Using Projective Tests – Laboratory vs Polish Skeptics’ Club


In the last weeks a heated argument developed about using projective tests. The discussion was initiated by the Polish Skeptics’ Club, which made the Rorschach cards public along with examples of “safe answers”. The Laboratory would like to outline the official position on this problem.

It is understandable to object to incompetence, ignorance or inexperience of persons using tests (incl. projective methods) at their work, but not to object to tests. It must also be remembered that the Rorschach test is in use not only in Poland. In an EFPA survey (European Federation of Psychologists’ Associations), the test was indicated in all European countries as one of the basic diagnostic tools, only in some countries it ranked below the first ten.

The main objection raised to the projective methods is that their evaluation system is hardly verifiable  and vulnerable to subjectivism of the person who makes interpretations. That’s correct, but there aren’t ideal diagnostic tools. Each test, even the standardized one, has some measuring error. What is more, a not sufficiently competent user may lower the validity of the diagnosis due to ignorance. The projective methods belong to the most difficult tools and require great experience. It’s why the Commission for Tests of the Polish Psychological Society recommends in a prepared categorization that the access be limited to appropriately trained persons.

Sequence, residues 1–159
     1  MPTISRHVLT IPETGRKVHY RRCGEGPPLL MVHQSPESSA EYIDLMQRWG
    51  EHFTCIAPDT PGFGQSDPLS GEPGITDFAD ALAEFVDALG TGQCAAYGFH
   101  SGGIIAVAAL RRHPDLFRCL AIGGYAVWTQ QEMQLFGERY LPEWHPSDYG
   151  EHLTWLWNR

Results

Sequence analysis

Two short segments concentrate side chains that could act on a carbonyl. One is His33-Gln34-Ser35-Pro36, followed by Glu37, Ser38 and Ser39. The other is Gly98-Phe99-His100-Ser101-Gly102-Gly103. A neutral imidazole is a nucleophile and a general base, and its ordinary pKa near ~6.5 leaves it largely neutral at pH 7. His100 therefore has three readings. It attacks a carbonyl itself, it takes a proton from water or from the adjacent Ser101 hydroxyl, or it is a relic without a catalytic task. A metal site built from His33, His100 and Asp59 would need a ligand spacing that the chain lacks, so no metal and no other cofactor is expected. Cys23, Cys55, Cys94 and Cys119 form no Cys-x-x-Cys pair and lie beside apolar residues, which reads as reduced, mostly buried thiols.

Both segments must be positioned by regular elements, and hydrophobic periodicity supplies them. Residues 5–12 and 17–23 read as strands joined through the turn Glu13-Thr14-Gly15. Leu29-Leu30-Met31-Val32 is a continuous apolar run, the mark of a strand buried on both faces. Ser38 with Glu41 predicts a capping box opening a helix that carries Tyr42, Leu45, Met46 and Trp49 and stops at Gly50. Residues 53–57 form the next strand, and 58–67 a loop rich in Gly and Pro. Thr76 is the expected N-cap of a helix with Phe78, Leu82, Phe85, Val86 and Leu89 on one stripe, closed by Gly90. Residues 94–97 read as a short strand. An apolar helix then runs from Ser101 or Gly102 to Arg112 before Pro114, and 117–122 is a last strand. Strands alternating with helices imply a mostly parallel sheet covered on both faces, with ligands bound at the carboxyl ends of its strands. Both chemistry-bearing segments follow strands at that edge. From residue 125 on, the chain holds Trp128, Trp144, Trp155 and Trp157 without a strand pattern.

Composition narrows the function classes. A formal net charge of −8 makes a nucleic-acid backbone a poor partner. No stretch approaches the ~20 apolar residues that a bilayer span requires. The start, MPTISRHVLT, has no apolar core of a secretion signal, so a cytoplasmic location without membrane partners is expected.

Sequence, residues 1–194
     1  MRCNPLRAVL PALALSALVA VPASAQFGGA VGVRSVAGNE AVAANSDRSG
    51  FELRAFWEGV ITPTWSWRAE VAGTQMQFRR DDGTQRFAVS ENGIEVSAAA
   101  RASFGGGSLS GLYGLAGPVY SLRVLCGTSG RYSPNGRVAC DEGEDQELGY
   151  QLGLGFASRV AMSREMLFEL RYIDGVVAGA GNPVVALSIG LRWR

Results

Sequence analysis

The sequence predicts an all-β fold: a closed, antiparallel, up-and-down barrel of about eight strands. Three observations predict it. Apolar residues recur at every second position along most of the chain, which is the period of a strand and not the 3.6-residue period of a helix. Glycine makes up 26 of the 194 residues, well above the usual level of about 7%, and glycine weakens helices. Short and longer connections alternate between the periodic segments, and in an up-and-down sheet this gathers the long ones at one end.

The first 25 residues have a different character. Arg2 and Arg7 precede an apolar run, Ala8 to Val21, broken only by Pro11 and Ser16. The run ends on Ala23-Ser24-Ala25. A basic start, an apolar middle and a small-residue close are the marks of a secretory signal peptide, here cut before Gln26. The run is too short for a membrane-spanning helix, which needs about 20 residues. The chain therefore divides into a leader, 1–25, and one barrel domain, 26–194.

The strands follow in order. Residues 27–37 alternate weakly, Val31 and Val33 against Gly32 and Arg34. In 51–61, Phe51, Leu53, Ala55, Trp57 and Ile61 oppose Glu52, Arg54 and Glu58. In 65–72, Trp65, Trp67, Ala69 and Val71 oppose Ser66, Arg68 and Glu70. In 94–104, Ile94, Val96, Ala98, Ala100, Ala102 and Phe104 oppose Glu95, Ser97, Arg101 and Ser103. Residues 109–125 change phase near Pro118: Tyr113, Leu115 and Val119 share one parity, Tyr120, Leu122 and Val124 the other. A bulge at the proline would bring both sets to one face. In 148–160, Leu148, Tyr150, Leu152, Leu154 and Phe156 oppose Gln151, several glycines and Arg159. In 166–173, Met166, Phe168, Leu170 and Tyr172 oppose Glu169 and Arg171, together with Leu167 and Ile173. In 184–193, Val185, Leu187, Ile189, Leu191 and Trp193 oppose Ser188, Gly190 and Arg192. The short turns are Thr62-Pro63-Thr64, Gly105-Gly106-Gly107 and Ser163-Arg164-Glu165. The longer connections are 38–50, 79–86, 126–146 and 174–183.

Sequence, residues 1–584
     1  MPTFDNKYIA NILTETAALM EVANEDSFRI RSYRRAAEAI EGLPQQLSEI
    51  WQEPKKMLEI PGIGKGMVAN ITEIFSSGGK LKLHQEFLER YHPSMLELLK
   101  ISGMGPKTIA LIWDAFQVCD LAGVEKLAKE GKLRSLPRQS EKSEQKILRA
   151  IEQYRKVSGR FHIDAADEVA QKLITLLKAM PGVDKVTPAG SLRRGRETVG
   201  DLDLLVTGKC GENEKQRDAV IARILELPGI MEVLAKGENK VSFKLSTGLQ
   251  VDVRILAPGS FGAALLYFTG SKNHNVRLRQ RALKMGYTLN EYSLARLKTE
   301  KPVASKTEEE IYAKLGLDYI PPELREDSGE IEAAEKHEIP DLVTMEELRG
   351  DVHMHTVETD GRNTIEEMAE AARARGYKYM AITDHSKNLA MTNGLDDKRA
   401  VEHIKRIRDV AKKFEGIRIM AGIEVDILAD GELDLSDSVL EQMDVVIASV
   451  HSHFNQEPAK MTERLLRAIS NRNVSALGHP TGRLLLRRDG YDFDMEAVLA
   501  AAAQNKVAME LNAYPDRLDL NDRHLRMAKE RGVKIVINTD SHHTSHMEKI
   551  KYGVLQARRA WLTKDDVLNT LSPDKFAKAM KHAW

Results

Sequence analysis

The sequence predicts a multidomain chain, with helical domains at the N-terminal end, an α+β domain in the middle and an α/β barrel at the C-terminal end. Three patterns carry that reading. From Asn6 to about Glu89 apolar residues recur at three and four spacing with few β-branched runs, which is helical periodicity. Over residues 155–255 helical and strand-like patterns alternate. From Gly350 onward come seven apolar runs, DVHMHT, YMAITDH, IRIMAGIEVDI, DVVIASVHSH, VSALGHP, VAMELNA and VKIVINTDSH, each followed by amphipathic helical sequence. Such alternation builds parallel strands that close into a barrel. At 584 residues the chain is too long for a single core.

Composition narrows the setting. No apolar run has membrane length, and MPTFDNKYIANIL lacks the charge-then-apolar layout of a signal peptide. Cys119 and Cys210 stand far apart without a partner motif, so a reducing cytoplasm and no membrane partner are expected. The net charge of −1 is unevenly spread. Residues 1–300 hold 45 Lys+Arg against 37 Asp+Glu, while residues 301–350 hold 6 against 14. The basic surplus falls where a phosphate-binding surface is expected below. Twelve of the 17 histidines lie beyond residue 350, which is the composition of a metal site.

A psychologist, while diagnosing, disposes over different tools, e. g. observation or non-structured interview. Those methods haven’t any unified evaluation system, either. Does that mean that the diagnosing person has no right to look at the examinee or to ask her/him questions? Some moderation in formulating critique would be recommended.

Serious ethical doubts were raised over the attitude of the persons representing the Skeptics’ Club who  deliberately decided to make the test material public even though that it is a part of the diagnostic process. We understand the need to discuss and while this action requires some attention, we condemn the attitude of showing disrespect to others’ work. Non-legitimate publishing of diagnostic methods is an action against standards of test using and against basic ethical norms obligatory for psychologists.
We invite to read the publication of Katarzyna Stemplewska-Żakowicz, PhD, and Bartosz Szymczyk, MA, presenting an interesting stance in the abovementioned discussion (Polish only).

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